...one of the most highly
regarded and expertly designed C++ library projects in the
world.
— Herb Sutter and Andrei
Alexandrescu, C++
Coding Standards
#include <boost/multiprecision/cpp_dec_float.hpp>
namespace boost{ namespace multiprecision{ template <unsigned Digits10, class ExponentType = boost::int32_t, class Allocator = void> class cpp_dec_float; typedef number<cpp_dec_float<50> > cpp_dec_float_50; typedef number<cpp_dec_float<100> > cpp_dec_float_100; }} // namespaces
The cpp_dec_float
back-end
is used in conjunction with number
:
It acts as an entirely C++ (header only and dependency free) floating-point
number type that is a drop-in replacement for the native C++ floating-point
types, but with much greater precision.
Type cpp_dec_float
can
be used at fixed precision by specifying a non-zero Digits10
template parameter. The typedefs cpp_dec_float_50
and cpp_dec_float_100
provide
arithmetic types at 50 and 100 decimal digits precision respectively. Optionally,
you can specify an integer type to use for the exponent, this defaults
to a 32-bit integer type which is more than large enough for the vast majority
of use cases, but larger types such as long
long
can also be specified if you
need a truly huge exponent range. In any case the ExponentType must be
a built in signed integer type at least 2 bytes and 16-bits wide.
Normally cpp_dec_float
allocates no memory: all of the space required for its digits are allocated
directly within the class. As a result care should be taken not to use
the class with too high a digit count as stack space requirements can grow
out of control. If that represents a problem then providing an allocator
as the final template parameter causes cpp_dec_float
to dynamically allocate the memory it needs: this significantly reduces
the size of cpp_dec_float
and increases the viable upper limit on the number of digits at the expense
of performance. However, please bear in mind that arithmetic operations
rapidly become very expensive as the digit count grows:
the current implementation really isn't optimized or designed for large
digit counts.
There is full standard library and numeric_limits
support available for this type.
Things you should know when using this type:
cpp_dec_float
s
have a value of zero.
std::numeric_limits
specialisation for
this type.
number
instantiated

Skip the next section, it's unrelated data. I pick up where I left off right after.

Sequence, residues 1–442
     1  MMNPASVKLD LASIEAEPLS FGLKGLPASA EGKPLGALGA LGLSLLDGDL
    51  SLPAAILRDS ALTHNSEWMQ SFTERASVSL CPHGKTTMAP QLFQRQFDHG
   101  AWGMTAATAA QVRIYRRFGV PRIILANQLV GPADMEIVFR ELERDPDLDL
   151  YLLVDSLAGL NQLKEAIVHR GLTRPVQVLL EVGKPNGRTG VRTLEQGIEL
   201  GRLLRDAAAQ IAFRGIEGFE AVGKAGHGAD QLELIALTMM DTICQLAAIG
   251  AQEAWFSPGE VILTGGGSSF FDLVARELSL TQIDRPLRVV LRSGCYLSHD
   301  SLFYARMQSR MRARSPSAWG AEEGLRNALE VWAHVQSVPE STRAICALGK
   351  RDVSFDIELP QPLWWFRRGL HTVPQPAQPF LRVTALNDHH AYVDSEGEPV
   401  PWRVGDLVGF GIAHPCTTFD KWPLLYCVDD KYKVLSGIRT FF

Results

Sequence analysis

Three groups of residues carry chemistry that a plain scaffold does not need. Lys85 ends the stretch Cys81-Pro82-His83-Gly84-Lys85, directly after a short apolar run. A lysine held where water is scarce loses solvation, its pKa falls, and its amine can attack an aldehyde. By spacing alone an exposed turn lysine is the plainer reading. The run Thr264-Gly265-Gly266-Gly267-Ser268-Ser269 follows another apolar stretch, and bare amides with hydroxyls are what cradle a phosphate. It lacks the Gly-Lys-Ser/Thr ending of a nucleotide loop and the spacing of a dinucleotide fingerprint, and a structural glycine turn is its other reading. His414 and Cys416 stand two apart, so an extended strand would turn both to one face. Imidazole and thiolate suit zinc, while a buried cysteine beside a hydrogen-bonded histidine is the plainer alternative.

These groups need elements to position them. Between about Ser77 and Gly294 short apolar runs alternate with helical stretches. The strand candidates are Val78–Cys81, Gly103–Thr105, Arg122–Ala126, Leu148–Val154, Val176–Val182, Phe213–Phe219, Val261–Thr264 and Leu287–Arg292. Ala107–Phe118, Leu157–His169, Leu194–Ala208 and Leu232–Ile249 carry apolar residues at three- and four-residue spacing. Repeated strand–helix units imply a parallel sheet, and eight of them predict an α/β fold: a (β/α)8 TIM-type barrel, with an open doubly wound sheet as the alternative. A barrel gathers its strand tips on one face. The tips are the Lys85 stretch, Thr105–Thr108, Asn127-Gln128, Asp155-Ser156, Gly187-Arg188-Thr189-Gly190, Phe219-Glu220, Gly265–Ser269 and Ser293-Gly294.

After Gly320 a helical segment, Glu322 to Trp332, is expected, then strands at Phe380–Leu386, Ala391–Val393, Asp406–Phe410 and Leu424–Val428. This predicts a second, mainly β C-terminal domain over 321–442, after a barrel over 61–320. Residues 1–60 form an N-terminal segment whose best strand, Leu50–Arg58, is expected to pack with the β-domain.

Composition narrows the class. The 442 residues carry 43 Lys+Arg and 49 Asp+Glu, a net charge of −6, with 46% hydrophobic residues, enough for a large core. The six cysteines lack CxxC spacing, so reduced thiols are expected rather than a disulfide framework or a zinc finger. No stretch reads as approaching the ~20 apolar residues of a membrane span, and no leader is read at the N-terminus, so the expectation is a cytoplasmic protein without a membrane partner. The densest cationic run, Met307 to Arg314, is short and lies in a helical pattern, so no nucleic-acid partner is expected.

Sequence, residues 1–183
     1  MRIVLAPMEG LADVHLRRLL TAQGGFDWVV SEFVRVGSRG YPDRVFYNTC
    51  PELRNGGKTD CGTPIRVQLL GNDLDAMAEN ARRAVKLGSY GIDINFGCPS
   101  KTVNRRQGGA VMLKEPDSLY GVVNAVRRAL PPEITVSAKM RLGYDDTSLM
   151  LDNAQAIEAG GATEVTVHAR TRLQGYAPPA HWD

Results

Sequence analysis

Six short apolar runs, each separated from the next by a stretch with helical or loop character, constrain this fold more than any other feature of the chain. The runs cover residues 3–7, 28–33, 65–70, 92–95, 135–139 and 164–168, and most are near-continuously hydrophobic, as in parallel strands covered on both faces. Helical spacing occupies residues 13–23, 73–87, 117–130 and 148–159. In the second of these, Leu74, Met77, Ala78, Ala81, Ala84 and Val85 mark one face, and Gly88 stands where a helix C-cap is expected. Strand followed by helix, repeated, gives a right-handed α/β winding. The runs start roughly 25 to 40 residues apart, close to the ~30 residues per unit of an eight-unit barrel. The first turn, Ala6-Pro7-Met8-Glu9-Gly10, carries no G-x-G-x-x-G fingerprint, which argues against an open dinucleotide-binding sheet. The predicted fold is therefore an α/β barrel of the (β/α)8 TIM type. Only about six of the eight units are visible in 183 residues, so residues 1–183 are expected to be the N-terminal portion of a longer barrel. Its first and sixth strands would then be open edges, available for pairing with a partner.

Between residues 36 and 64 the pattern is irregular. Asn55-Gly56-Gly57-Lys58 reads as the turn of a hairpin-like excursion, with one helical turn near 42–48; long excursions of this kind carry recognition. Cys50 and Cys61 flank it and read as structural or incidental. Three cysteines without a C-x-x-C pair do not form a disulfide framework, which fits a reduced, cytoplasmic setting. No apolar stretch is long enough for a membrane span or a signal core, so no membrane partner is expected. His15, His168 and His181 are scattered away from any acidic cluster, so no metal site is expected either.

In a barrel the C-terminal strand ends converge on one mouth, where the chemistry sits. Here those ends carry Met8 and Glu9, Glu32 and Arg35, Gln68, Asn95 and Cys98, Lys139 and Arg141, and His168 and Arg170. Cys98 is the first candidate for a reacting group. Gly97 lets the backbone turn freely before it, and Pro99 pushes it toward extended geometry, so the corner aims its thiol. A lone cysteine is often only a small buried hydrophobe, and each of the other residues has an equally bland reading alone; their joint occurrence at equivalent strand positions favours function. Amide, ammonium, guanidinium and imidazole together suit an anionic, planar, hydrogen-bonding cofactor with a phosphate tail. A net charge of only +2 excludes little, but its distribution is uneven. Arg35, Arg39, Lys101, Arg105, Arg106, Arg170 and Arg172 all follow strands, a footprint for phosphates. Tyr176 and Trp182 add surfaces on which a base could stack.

on this type, is convertible to any other number
instantiated on this type - for example you can convert from number<cpp_dec_float<50> >
to number<cpp_dec_float<SomeOtherValue> >
.
Narrowing conversions are truncating and explicit
.
std::runtime_error
being thrown if the string can not be interpreted as a valid floating
point number.
cpp_dec_float
is always slightly higher than the number of digits specified in the
template parameter, actually how much higher is an implementation detail
but is always at least 8 decimal digits.
cpp_dec_float
are always truncating. However, note that since their are guard digits
in effect, in practice this has no real impact on accuracy for most
use cases.
#include <boost/multiprecision/cpp_dec_float.hpp> using namespace boost::multiprecision; // Operations at fixed precision and full numeric_limits support: cpp_dec_float_100 b = 2; std::cout << std::numeric_limits<cpp_dec_float_100>::digits << std::endl; // Note that digits10 is the same as digits, since we're base 10! : std::cout << std::numeric_limits<cpp_dec_float_100>::digits10 << std::endl; // We can use any C++ std lib function, lets print all the digits as well: std::cout << std::setprecision(std::numeric_limits<cpp_dec_float_100>::max_digits10) << log(b) << std::endl; // print log(2) // We can also use any function from Boost.Math: std::cout << boost::math::tgamma(b) << std::endl; // These even work when the argument is an expression template: std::cout << boost::math::tgamma(b * b) << std::endl; // And since we have an extended exponent range we can generate some really large // numbers here (4.0238726007709377354370243e+2564): std::cout << boost::math::tgamma(cpp_dec_float_100(1000)) << std::endl;